# A line segment is bisected by a line with the equation # - 5 y + 3 x = 1 #. If one end of the line segment is at #(6 ,4 )#, where is the other end?

If

if

Then for any point

the

will be the same as

Since

for any point

the corresponding target end point will be

Specifically we can see that

with a corresponding target point of

Note also that the target line is parallel to

and therefore has the same slope (namely

Using the slope-point form for the target line, we get

or

or

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To find the other end of the line segment bisected by the line ( -5y + 3x = 1 ) given that one end is at (6, 4), we can first find the equation of the line segment connecting the given point to the point of intersection with the line ( -5y + 3x = 1 ). Then, using the midpoint formula, we can find the other end of the line segment.

First, find the point of intersection of the given line ( -5y + 3x = 1 ) and the line segment. To do this, solve the system of equations formed by ( -5y + 3x = 1 ) and the line connecting the given point (6, 4).

Substitute ( y = \frac{3x - 1}{5} ) into the equation of the line segment and solve for ( x ):

[ 4 = \frac{3x - 1}{5} ] [ 20 = 3x - 1 ] [ 21 = 3x ] [ x = 7 ]

Now, substitute ( x = 7 ) into the equation of the line segment to find ( y ):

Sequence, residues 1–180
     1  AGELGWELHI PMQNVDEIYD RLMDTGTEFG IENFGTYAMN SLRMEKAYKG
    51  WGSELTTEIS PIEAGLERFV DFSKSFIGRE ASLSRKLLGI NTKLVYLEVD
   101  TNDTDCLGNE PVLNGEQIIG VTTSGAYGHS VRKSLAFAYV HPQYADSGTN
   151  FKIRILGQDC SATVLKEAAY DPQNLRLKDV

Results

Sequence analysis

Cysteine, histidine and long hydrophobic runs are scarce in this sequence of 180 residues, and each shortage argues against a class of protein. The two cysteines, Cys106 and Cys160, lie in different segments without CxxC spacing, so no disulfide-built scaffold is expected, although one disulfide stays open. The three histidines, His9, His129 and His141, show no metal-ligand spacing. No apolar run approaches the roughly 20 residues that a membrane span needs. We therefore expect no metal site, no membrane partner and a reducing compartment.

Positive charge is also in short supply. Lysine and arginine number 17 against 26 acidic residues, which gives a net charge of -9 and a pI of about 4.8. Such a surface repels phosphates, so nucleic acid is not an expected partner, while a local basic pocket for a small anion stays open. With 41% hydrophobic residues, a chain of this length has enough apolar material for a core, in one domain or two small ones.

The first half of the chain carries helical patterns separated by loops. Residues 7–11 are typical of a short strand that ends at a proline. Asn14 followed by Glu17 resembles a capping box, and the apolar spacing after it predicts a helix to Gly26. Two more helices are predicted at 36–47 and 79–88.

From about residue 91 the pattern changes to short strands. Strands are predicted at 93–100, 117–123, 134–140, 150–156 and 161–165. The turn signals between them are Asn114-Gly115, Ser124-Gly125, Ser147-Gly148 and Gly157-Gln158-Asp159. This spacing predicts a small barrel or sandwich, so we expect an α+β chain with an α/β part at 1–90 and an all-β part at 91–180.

[ -5y + 3(7) = 1 ] [ -5y + 21 = 1 ] [ -5y = -20 ] [ y = 4 ]

So, the point of intersection is (7, 4).

Now, use the midpoint formula to find the other end of the line segment. The midpoint formula is:

[ \text{Midpoint} = \left( \frac{x_1 + x_2}{2}, \frac{y_1 + y_2}{2} \right) ]

Given one end of the line segment as (6, 4) and the point of intersection as (7, 4), the other end can be found as:

[ \text{Midpoint} = \left( \frac{6 + 7}{2}, \frac{4 + 4}{2} \right) ] [ \text{Midpoint} = \left( \frac{13}{2}, \frac{8}{2} \right) ] [ \text{Midpoint} = \left( \frac{13}{2}, 4 \right) ]

So, the other end of the line segment is at ( \left( \frac{13}{2}, 4 \right) ).

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When evaluating a one-sided limit, you need to be careful when a quantity is approaching zero since its sign is different depending on which way it is approaching zero from. Let us look at some examples.

When evaluating a one-sided limit, you need to be careful when a quantity is approaching zero since its sign is different depending on which way it is approaching zero from. Let us look at some examples.

When evaluating a one-sided limit, you need to be careful when a quantity is approaching zero since its sign is different depending on which way it is approaching zero from. Let us look at some examples.

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